Adoptimist.com families, I congratulate you for having the heart to begin the adoption journey. One of my friends acknowledged, “Everything about adoption is hard, except loving the child.” I agree, and I think you are in the hardest part of the whole experience: the mysterious, incalculable WAIT. But, The Wait will strengthen you. The Wait will educate you. The Wait will make you better parents.
I hate to wait. If a restaurant hostess hands me a buzzer, I beg my family to eat in the bar. In the springtime, I purchase and plant all my annuals on the same day to rush the bloom of color in my yard. My computer often locks up because I open too many windows and the applications can’t match the speed of my commands.
My husband, Jeff, and I had our first child, Houston, in January 2002. That same year, we began trying to conceive a second child, and, for the next six years, endured costly, embarrassing infertility treatments with no success. From 2002 to 2008, life routinely schooled me on grief, prayer, tolerating thoughtless comments, and overcoming intense emotional pain. Then we began the domestic adoption process. You can imagine that the adoption route was a significant challenge for an impatient person like me, already weary and tired of waiting for a baby.
The next two years proved to be the greatest education of my life, and I would like to share a few of the lessons I learned.
Lesson #1: Ask for help. You need it, you deserve it, and people are happy help you. Who doesn’t want to be part of a sweet adoption story? The prayer committee at my church, our friends, our doctors, the copy shop down the street, and even our veterinarian played a part in bringing our son home, once I asked.
Lesson #2: Trust other people. My husband is a procrastinator, but he eventually did everything I asked of him, and did it beautifully. Family members, social workers, clergy, and physicians have the same goal you do: a healthy child in a healthy home, but not necessarily on your schedule. Give them time.
Lesson #3: When we become frustrated as we wait in lines, we are likely focused on ourselves. We think, “Hurry up! Now I’ll have to lug my groceries through the rain, or “Great, now I am going to be late for work.” Instead of obsessing over your goal (which is totally worth obsessing over), concentrate on serving other people, especially the birth family. After you meet your child’s birthparents, your mind may still wander in worry that they will change their minds. That is normal. But, instead of panicking for you, pray for them.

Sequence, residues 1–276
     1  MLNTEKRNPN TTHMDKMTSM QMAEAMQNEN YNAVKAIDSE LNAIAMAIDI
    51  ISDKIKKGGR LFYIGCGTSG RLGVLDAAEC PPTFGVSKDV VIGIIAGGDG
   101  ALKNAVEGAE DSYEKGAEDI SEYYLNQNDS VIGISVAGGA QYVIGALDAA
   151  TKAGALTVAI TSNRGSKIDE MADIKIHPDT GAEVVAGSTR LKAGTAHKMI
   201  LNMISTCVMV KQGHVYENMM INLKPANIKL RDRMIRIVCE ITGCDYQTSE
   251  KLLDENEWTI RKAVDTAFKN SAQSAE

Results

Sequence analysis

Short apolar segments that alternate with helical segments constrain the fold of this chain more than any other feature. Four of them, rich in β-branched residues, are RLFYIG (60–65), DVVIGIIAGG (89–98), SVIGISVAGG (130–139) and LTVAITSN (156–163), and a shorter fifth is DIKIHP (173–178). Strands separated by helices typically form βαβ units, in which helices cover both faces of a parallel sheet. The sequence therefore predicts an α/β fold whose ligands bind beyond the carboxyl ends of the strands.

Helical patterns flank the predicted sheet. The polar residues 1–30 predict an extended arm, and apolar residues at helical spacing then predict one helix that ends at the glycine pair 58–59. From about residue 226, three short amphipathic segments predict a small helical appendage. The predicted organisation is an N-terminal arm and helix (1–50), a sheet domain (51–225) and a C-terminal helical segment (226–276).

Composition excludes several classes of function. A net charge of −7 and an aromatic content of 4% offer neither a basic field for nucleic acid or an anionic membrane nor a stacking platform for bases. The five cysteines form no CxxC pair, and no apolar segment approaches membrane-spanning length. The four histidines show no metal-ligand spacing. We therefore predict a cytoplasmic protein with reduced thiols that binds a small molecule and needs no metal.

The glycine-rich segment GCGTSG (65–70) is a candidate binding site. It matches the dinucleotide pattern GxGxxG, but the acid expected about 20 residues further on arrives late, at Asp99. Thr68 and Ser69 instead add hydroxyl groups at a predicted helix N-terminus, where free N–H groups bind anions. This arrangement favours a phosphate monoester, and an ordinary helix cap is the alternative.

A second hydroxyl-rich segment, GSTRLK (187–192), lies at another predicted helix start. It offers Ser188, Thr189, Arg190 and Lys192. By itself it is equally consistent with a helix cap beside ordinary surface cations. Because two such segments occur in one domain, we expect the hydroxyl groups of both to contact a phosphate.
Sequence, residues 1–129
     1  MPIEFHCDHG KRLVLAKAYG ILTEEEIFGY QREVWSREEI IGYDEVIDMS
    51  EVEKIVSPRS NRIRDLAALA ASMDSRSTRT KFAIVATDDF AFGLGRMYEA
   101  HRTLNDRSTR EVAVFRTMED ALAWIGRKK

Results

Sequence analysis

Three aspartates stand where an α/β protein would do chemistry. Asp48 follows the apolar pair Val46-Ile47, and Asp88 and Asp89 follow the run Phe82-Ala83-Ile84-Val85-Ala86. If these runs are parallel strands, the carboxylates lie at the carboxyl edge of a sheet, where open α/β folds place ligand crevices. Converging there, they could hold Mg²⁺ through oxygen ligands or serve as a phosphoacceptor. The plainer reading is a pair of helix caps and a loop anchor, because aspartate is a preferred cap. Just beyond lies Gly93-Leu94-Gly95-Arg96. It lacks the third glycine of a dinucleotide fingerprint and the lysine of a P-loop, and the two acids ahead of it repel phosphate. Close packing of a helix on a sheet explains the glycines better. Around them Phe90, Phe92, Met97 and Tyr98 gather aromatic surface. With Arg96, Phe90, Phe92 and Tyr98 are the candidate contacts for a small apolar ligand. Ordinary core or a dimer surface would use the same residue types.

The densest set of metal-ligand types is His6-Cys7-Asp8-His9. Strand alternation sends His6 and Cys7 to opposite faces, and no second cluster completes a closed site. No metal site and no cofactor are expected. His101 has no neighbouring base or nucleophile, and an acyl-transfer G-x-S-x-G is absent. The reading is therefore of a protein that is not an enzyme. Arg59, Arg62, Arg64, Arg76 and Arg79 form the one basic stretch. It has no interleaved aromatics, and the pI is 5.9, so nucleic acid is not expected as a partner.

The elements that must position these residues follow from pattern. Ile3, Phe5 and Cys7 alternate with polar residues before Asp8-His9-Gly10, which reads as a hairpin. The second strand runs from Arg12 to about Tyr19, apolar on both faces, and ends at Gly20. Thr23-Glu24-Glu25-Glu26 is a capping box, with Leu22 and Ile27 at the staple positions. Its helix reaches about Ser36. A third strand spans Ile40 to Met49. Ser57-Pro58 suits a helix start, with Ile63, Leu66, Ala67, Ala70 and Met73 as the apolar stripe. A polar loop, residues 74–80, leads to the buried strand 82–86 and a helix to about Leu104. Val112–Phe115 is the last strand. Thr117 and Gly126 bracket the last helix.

The Wait allows hopeful parents time to become just that — parents. When you welcome your baby, you will need help. Ask for it. When you have to work, get the flu, or just need a break, you will have to depend on other people. Trust them. Take time now to master the most important parenting skill of all — putting someone else’s needs ahead of your own. Focus on the birth family.
In May 2010, on Jeff’s birthday, we welcomed our second child, Scotty. I thank God, social workers, selfless birthparents, and The Wait, for preparing me, not only to have a baby, but also to be my baby’s mother.
In order to encourage, enlighten, and even entertain adoptive families, I narrate my family’s adoption journey in my book, The Eye of Adoption: the true story of my turbulent wait for a baby. I hope that, by reading my post and perhaps my book, the lessons I learned will help you as you endure The Wait.